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Benjamin Rouillé d'Orfeuil (2004-2007)

Source search and anisotropy studies of cosmic rays in the Pierre Auger Observatory. (ManuscriptDefence)

The study of the extremely high energy cosmic rays (EHECR) gives rise to numerous experimental and theoretical efforts. The origin of these particules of macroscopic energy - a few tens of Joules - is still not identified and is subject to many discussions. The search for the EHECR sources or structures on the sky associated to these sources is one of the main objectives of the Pierre Auger Observatory (PAO) on duty since January 2004. We use the PAO data to search for anisotropies on small and large angular scales. The algorithms we developped for this purpose rely on the accurate knowledge of the sky covered by the detector. It is the average distribution of particles expected if EHECR flux was isotropic. As the probability to detect a cosmic ray in one of the directions of the sky is not constant with time, a detailed study of the temporal variation of the events flux recorded by th PAO is required to correctly estimate the coverage map. In particular, the developpment of extensive air shower triggerd by a EHECR is found to be affected by the weather conditions. All these studies represent an important part of this work, which is completed by the measurement of the EHECR spectrum corrected by atmospheric effects. First of all, we discuss the phenomenology of EHECR, sum up the results obtained by previous experiments and describe the experimental techniques related to the extensive air shower detection.

Eric Armengaud (2003-2006)

Propagation and arrival direction distribution on the sky of UHECRs within the Pierre Auger Observatory (Manuscript)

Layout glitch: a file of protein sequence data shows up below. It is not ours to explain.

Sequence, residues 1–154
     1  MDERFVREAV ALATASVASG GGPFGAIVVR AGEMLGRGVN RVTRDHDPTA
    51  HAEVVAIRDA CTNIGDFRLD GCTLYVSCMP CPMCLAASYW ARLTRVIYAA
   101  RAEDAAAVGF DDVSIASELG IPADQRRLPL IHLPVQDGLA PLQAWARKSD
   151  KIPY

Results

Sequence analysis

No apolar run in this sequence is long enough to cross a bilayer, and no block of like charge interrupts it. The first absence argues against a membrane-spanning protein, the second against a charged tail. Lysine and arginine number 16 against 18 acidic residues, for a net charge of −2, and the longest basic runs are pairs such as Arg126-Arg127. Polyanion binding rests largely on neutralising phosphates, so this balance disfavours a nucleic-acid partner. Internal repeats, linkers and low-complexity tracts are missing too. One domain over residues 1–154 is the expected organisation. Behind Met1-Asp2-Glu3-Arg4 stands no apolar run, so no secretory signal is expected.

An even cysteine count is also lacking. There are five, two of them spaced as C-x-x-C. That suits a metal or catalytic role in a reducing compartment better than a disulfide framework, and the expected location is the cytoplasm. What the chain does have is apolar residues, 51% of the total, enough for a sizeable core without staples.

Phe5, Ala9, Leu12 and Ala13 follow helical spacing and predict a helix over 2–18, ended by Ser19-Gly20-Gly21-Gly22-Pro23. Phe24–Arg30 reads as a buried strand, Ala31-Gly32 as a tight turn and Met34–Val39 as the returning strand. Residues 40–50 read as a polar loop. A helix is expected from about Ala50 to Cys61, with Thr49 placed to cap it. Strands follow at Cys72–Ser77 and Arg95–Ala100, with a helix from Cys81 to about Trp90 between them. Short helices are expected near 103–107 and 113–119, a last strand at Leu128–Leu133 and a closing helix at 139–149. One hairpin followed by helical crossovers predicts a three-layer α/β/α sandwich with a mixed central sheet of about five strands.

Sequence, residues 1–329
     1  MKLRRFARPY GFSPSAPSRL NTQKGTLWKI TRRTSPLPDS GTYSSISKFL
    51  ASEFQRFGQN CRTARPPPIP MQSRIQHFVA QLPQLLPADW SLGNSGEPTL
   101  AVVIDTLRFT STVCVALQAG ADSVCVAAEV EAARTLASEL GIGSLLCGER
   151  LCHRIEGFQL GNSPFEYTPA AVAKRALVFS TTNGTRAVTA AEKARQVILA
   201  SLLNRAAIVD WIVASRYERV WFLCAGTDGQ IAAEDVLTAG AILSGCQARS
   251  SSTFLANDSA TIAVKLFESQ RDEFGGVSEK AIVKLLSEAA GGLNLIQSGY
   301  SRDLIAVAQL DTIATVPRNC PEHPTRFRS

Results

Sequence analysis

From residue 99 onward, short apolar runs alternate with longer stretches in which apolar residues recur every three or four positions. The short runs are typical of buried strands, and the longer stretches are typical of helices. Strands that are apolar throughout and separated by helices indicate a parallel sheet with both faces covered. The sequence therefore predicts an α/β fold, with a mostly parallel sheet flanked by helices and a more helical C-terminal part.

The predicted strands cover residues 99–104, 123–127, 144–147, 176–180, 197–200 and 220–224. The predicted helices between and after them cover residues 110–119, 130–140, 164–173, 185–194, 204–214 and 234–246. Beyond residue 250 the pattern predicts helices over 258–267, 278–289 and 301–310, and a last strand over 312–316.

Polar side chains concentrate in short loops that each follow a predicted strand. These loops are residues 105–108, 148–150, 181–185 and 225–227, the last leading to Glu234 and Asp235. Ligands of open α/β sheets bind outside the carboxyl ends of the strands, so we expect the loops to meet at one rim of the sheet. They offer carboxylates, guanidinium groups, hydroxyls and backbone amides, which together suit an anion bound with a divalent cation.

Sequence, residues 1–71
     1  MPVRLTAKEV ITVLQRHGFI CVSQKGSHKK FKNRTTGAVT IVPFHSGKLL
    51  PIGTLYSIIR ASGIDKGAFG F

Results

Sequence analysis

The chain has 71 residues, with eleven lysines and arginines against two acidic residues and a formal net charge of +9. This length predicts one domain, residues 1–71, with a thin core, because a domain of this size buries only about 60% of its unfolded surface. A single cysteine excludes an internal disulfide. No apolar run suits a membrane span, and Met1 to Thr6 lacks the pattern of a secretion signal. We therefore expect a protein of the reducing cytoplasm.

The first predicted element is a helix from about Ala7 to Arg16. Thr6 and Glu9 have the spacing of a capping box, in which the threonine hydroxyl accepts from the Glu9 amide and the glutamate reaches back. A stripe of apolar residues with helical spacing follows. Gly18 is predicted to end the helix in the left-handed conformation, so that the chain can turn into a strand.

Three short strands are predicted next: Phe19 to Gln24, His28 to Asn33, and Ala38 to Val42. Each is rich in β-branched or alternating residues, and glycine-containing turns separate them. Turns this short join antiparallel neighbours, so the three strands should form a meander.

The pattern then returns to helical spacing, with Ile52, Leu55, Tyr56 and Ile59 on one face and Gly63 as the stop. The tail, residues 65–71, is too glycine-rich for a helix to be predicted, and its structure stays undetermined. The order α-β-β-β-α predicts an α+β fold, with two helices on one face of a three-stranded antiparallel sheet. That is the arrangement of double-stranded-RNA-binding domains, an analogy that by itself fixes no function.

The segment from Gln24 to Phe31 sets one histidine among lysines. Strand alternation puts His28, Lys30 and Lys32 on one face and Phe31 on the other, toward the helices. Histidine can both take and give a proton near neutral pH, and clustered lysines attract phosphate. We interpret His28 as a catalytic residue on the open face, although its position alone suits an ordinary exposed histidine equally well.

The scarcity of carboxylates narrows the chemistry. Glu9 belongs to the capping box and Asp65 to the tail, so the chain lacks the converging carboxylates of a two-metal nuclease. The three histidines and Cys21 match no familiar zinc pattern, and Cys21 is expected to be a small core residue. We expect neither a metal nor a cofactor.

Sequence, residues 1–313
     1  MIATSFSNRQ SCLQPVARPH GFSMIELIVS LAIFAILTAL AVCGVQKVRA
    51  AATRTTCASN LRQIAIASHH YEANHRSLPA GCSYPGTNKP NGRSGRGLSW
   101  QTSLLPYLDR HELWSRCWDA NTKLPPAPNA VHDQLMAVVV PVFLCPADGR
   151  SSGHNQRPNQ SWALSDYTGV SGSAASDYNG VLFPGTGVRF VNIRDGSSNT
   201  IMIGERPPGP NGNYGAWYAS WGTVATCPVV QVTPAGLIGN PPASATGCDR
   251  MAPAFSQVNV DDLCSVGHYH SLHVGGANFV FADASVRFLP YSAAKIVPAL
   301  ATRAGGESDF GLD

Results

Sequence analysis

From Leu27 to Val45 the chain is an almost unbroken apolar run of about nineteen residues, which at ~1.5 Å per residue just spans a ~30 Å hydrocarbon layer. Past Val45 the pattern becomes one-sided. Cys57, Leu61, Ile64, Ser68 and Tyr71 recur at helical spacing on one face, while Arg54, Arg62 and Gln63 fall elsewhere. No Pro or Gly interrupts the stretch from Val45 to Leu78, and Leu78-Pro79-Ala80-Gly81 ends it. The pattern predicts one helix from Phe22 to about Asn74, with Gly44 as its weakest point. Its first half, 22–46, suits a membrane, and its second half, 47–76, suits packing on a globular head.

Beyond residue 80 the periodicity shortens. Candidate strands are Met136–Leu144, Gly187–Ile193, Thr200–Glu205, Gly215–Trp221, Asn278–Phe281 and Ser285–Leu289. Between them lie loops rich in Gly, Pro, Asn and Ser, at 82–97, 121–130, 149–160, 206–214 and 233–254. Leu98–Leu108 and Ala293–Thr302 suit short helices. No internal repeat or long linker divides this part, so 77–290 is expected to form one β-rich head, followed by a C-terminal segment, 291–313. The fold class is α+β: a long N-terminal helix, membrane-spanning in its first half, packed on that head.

The origin of ultra-high energy cosmic rays remains an enigma of modern physics, which the Pierre Auger Observatory, a detector with a hybrid detection mode and an unprecedented size, will try to solve. The direct observation of the sources of those particles, or of large-scale structures in the sky associated to the sources, is one of the main goals of the observatory. Such observations should also allow to constrain cosmic ray propagation between their sources and the Earth, which is complicated by interactions with low-energy photon backgrounds and deflections in astrophysical magnetic fields. This thesis is made of two parts, in order to observe and modelize the sources of cosmic rays within the Auger Observatory. We begin with an extensive description of the Pierre Auger Observatory, and study the acceptance of its surface detector in order to build accurate sky exposure maps, an essential tool in order to study anisotropies. Then we present methods to search for anisotropies in the sky, and analyze the first two years of Auger data. After a description of the phenomena that can influence the propagation and observation of ultra-high energy cosmic ray sources, we present numerical simulations aiming at predicting observables such as the spectrum, anisotropies and composition measurable by Auger as a function of various astrophysical models. We show that extragalactic magnetic fields can play a crucial role in particular if cosmic rays are partly heavy nuclei. Finally, we show that the propagation of these particles from a nearby source generates secondary fluxes of gamma-rays that could be detected by TeV gamma-ray telescopes.